I know, I know, we’ve always been told to never judge a book by its cover. But, I can’t help myself. Sometimes, I make judgments based solely on a cover. This is a holdover of my youth, the heyday of the VHS rental store where I’d stand and study box art by the hour, if my parents would let me.
In the modern age, Netflix Instant Watch has come pretty close to replacing that nostalgic tradition of when I stood in the shadows of the horror section trying to make up my mind what I was going to watch next. The service is packed with titles. It’s filled with colorful cover art and broken into handy categories, sub categories and more. Let’s face it; we’ve all had those evenings where we planned to sit and watch something and spent the next forty five minutes just scrolling through the service to see what’s out there. The only thing missing is bad lighting and the smell of musty cardboard and stale popcorn.
That’s all a long winded way to say, sometimes when I sit down and start flipping through Netflix, I feel like a kid again. Eager to watch something new, something I may not have considered watching before. This typically leads to being mesmerized by all the pretty cover art. Which sometimes leads me to making the decision on what I’m going to watch, based solely on the cover art. Which is how I found myself sitting down and watching Preservation.
Released in early 2015, Preservation is a try to be smart thriller mixed with a healthy dose of revenge flick. Written and directed by Christopher Denham, the film has great aspirations in its story telling, but sadly feels a bit like two distinct stories mixed together. The challenging part is that both of these halves feel distinctly different in quality and storytelling. With the fact that the solid and more engaging part of the story fills the second half of the film, we are left with a bit of a chore in the first half of the film.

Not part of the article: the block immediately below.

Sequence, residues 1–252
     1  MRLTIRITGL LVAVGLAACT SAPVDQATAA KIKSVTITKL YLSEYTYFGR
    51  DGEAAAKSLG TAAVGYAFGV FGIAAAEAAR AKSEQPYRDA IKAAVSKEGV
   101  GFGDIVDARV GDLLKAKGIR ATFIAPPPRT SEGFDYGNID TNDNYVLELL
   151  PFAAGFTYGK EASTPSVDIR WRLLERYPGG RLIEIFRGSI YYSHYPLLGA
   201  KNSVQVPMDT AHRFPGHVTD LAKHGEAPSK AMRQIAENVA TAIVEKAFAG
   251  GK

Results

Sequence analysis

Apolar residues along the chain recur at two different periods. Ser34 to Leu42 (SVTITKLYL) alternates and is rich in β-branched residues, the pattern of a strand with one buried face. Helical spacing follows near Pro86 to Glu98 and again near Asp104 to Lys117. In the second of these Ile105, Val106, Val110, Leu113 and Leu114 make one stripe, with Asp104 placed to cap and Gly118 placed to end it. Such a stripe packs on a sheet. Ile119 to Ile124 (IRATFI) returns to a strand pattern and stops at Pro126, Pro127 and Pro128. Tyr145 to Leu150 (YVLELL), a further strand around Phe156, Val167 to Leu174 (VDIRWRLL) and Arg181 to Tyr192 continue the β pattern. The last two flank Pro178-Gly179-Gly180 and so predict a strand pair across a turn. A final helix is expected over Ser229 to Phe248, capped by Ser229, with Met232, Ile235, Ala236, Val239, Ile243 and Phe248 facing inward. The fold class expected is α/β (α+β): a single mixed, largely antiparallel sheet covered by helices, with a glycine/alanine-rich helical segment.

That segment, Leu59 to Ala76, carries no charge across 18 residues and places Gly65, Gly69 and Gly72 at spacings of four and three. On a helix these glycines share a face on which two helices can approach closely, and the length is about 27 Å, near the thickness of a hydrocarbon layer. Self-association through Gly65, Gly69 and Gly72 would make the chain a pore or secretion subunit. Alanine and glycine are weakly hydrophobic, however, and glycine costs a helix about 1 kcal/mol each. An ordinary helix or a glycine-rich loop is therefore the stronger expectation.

Sean, recently ousted from the military, is heading off for a hunting trip with his brother Mike and his new wife Wit. The setup is easy enough; the boys used to come to these woods as kids. Mike had originally planned on making the trip with Wit, but soon Sean shows up out of the blue and essentially invites himself along.
The first half of our film focuses on these three characters and their forced awkwardness, which leads to our first hurdle to get past. While none of the performances are particularly bad, neither are they overly convincing in their plight. There’s a secret Wit is keeping from Mike. There is Sean’s mysterious exit from the military. There is the forced awkwardness between these three as Sean meets his new sister in law for the first time and more. None of these traits come across in a fashion that leads the viewer to becoming emotionally invested in their tension. Instead, we’re left on the side lines waiting for these to finish having these uncomfortable little moments.
Thankfully, this problematic pace only lasts for the first thirty minutes or so of the show as soon, the trio wakes up and finds out somebody has been in their camp and stolen their gear. This is when we are introduced to the faceless antagonist trio that simultaneously ups the tempo of the film, but also brings the strong female character of Wit to the surface. People are hunted, revenge is sought and ultimately, the rest of the film plays out like your standard Strangers clone, in the woods.
The movie packs a surprising amount of violence for the initial setup. While it isn’t overly graphic, there will be scenes that leave you cringing from time to time. The biggest surprise though, is that after being forced to try and connect emotionally with these characters, we have a hard time continuing to be invested as the carnage starts. It’s Wit’s turn from a character you’re mostly overlooking, to one filled with conviction and one you can begin to empathize with that makes the second half of the film such a treat.
In the end, Preservation isn’t going to win any awards for originality. It’s not going to win any awards for mind blowing story telling. It will treat you to a fairly entertaining way to blow an hour and a half on a slow night though, which makes it a worthy add to your Netflix queue.
Plus, that cover is pretty great.